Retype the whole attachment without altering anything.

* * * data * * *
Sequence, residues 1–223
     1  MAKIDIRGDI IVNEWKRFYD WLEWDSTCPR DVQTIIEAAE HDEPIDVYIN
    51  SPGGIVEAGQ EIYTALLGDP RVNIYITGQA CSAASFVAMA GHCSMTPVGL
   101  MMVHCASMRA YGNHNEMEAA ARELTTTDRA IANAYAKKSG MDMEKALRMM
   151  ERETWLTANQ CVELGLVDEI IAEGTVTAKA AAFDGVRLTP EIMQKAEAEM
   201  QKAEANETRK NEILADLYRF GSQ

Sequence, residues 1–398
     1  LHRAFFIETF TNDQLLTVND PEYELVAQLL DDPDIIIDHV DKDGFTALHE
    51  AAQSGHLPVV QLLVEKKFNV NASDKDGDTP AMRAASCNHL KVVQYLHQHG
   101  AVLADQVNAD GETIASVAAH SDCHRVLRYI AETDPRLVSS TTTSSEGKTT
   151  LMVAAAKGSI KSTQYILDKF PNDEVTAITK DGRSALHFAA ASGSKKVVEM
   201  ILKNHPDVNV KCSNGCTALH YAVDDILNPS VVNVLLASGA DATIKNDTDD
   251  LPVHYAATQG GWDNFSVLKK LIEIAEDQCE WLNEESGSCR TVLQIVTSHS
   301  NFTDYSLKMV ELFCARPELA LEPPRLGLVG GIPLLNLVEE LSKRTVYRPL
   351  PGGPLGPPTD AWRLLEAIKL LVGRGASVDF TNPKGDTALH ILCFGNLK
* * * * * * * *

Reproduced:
Sequence, residues 1–223
     1  MAKIDIRGDI IVNEWKRFYD WLEWDSTCPR DVQTIIEAAE HDEPIDVYIN
    51  SPGGIVEAGQ EIYTALLGDP RVNIYITGQA CSAASFVAMA GHCSMTPVGL
   101  MMVHCASMRA YGNHNEMEAA ARELTTTDRA IANAYAKKSG MDMEKALRMM
   151  ERETWLTANQ CVELGLVDEI IAEGTVTAKA AAFDGVRLTP EIMQKAEAEM
   201  QKAEANETRK NEILADLYRF GSQ

Sequence, residues 1–398
     1  LHRAFFIETF TNDQLLTVND PEYELVAQLL DDPDIIIDHV DKDGFTALHE
    51  AAQSGHLPVV QLLVEKKFNV NASDKDGDTP AMRAASCNHL KVVQYLHQHG
   101  AVLADQVNAD GETIASVAAH SDCHRVLRYI AETDPRLVSS TTTSSEGKTT
   151  LMVAAAKGSI KSTQYILDKF PNDEVTAITK DGRSALHFAA ASGSKKVVEM
   201  ILKNHPDVNV KCSNGCTALH YAVDDILNPS VVNVLLASGA DATIKNDTDD
   251  LPVHYAATQG GWDNFSVLKK LIEIAEDQCE WLNEESGSCR TVLQIVTSHS
   301  NFTDYSLKMV ELFCARPELA LEPPRLGLVG GIPLLNLVEE LSKRTVYRPL
   351  PGGPLGPPTD AWRLLEAIKL LVGRGASVDF TNPKGDTALH ILCFGNLK